In brief, we currently see three main potential ways in which investing to give later may be better than giving now:

  1. By exploiting the pure time preference in the market, i.e. that non-patient people are willing to sell the future (and especially the long-term future) cheaply
  2. By exploiting the risk premium in the market, to the extent that longtermist altruists should price risks differently to the market
  3. By giving us more time to learn and get better at identifying high-impact giving opportunities to benefit the long term

This article goes into more detail. Additional benefits of a patient-philanthropy fund include

It seems plausibly good for such a fund to exist, but some people believe that greater returns are to be had by spending money now (see here [EA · GW]). I myself lean toward the view that now is an unusually good time to give, but I think there’s a reasonable chance that a long-term investment fund would be better.

Even if the general idea of investing to give later isn’t the best use of these funds, donating to help get the PPF off the ground could still be. This is because (1) the idea might appeal to people (especially in the Founders Pledge community) who would otherwise not give to the highest-impact longtermist causes, (2) creating such a fund would require dealing with a number of legal and practical challenges, which could pave the way for future giving in this vein, and (3) the existence of the fund would help advance discussion about this approach to patient philanthropy—it would become a real rather than a merely theoretical option for giving.

So if I thought a donation would significantly boost the fund’s chances of attracting more donations, I would lean toward supporting it with at least a portion of the donor-lottery funds. There are two ways I could leverage them to help get the PPF off the ground: I could be part of the pre-launch commitments, or I could pledge the money as part of a post-launch matching pool.

Invest the money and wait a few years

I directed CEA to invest the lottery funds in diversified equity mutual funds.[2] In a few years, I’ll know more and the stock market will be higher (in expectation). Many of the considerations regarding the Patient Philanthropy Fund also apply to this option. (Continuing to hold the donor-lottery money in investments at CEA would preserve flexibility in where to donate, but the Patient Philanthropy Fund could have access to investment expertise and strategies not available to CEA and could plausibly generate higher returns.)

Pay someone to help me decide

Five hundred thousand dollars is enough money that it could be worthwhile to pay someone to research the question of where to give the money. A problem with this approach is that the most-qualified people are busy with other things, and finding and managing the right person would be a significant undertaking in itself. But if I could find someone qualified and willing to take on this task, this would increase the grant-evaluation capacity of effective altruism.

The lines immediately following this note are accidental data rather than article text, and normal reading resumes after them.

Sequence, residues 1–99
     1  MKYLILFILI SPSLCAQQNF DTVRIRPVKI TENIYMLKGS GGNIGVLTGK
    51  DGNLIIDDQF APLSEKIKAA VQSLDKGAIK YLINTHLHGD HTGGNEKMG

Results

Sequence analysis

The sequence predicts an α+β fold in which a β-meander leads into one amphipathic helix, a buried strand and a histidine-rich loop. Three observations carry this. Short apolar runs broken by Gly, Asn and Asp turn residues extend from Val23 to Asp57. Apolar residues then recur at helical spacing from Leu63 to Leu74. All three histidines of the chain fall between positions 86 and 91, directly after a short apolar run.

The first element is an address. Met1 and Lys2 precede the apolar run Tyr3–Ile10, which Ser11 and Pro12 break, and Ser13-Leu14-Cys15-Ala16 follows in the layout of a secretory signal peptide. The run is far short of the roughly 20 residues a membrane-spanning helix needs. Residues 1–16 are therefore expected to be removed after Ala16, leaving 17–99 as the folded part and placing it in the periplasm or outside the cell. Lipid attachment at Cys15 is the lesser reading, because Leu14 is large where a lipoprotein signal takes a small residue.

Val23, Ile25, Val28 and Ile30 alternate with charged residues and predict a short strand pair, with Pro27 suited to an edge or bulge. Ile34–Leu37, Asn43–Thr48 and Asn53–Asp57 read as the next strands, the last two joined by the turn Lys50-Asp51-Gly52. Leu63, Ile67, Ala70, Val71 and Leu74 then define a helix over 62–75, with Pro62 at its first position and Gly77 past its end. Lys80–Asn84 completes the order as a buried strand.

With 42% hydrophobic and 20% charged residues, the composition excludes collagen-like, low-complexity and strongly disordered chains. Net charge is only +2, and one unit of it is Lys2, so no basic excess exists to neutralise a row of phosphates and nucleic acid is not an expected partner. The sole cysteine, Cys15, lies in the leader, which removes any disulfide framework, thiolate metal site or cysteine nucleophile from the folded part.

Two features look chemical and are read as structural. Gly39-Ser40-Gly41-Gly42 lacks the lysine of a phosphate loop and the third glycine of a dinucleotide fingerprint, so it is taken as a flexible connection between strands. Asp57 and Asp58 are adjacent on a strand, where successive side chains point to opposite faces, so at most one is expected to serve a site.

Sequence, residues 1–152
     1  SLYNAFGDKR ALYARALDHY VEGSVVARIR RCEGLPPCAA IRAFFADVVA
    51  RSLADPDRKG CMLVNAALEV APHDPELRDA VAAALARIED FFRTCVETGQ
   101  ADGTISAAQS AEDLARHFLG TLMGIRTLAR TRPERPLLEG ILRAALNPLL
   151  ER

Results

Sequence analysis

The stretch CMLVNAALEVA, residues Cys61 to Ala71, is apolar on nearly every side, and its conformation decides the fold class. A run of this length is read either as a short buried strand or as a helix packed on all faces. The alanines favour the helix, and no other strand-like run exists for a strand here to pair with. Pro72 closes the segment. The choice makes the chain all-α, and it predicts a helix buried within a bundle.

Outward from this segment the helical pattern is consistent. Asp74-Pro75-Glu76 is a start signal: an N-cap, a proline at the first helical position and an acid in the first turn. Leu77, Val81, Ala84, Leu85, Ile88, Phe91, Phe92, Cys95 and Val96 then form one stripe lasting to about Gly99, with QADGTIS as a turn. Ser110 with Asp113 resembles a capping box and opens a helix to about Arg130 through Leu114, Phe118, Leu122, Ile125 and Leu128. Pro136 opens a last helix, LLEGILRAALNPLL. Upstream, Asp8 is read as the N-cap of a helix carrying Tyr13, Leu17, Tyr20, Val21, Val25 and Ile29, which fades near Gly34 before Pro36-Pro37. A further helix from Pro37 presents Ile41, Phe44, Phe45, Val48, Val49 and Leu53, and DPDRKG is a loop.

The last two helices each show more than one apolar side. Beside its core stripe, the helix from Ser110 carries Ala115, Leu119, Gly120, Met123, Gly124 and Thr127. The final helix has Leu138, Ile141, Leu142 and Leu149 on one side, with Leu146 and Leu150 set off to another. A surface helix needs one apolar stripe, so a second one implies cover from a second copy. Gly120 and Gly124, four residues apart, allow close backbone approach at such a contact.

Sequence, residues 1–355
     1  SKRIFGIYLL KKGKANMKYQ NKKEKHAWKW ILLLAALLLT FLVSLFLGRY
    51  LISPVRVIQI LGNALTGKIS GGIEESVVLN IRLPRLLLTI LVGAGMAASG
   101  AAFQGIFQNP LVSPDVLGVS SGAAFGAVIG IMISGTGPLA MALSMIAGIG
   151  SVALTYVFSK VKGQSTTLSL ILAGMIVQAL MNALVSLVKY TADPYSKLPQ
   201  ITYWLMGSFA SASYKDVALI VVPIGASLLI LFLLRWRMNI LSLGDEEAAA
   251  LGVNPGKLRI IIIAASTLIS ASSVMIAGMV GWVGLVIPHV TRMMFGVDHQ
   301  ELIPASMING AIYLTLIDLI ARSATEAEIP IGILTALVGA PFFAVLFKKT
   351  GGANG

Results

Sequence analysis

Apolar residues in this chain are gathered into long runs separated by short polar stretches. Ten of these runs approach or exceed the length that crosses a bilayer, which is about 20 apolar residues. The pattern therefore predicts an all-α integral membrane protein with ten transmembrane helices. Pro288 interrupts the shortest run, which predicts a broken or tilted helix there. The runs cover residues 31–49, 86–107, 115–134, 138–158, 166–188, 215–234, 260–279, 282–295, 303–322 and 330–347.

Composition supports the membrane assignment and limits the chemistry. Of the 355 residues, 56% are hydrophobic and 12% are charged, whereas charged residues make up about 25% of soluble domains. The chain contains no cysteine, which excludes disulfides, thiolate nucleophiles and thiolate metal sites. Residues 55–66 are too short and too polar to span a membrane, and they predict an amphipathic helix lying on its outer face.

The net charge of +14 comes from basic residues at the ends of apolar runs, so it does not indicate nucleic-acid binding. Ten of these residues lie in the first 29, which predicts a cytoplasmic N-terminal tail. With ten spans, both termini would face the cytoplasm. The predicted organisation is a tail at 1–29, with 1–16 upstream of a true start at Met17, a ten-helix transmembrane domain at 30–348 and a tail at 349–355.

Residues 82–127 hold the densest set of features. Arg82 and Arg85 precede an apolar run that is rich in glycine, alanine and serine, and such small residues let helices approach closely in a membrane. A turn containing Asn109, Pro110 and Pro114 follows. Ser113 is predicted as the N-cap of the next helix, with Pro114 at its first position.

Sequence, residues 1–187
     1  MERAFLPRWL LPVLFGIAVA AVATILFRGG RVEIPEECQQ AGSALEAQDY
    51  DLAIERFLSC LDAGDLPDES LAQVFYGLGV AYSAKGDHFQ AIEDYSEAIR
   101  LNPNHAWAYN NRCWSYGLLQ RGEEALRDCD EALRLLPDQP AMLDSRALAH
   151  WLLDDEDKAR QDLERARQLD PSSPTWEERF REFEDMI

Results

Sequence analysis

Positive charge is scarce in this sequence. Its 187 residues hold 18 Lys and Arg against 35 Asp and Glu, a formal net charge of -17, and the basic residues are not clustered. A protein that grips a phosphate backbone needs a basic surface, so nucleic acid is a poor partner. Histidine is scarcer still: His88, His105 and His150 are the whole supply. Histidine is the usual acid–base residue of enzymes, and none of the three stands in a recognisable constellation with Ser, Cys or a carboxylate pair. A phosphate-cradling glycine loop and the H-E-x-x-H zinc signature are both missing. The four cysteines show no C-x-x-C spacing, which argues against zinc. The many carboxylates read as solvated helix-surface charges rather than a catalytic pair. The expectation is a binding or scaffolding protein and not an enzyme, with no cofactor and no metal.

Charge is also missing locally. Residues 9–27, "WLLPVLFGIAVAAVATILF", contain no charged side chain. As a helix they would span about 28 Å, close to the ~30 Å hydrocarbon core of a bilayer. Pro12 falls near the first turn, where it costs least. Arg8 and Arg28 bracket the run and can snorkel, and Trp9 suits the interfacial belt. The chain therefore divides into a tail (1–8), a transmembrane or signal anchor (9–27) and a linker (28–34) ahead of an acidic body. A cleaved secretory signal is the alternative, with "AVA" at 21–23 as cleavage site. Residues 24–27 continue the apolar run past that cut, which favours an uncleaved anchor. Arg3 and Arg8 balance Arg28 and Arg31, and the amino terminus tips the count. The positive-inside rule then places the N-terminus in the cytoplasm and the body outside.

If you’re potentially interested in such an arrangement, please email me (pbrinichlanglois@gmail.com) or indicate your interest in the survey.

Something else

Option X. The dark horse. Something out of left field.

Perhaps there’s something I should be considering besides what’s listed above.

Conclusion

If you read this far, I would greatly appreciate hearing your thoughts through this brief survey. Also feel free to comment below or email me at pbrinichlanglois@gmail.com.

Acknowledgements

Thanks to Ozzie Gooen, who had the idea for this article and provided feedback about it.


  1. The last of these comprised two grants to the Good Food Institute, which does give out grants. But I wouldn’t put this into the same category as the EA Funds or Longview Philanthropy, since (1) grants account for a minority of GFI’s budget, and (2) GFI is pursuing a specific strategy (accelerating the development of meat alternatives) to the broader problem of animal welfare. ↩︎

  2. I think that having donor-lottery funds invested in a diversified portfolio of global equities should be the default. CEA can easily invest in Vanguard’s mutual funds. About three months passed between my winning the lottery and the funds being invested, mostly because I procrastinated. If the average donor-lottery winner donates the money after a year, keeping the funds in equities instead of a bank account would increase the expected amount of money donated by tens of thousands of dollars. ↩︎

48 comments

Comments sorted by top scores.

comment by jackmalde · 2021-07-17T19:43:43.737Z · EA(p) · GW(p)

I have to say I'm pretty glad you won the lottery as I like the way you’re thinking! I have a few thoughts which I put below. I’m posting here so others can respond, but I will also fill out your survey to provide my details as I would be happy to help further if you are interested in having my assistance!

TLDR: I think LTFF and PPF are the best options, but it’s very hard to say which is the better of the two.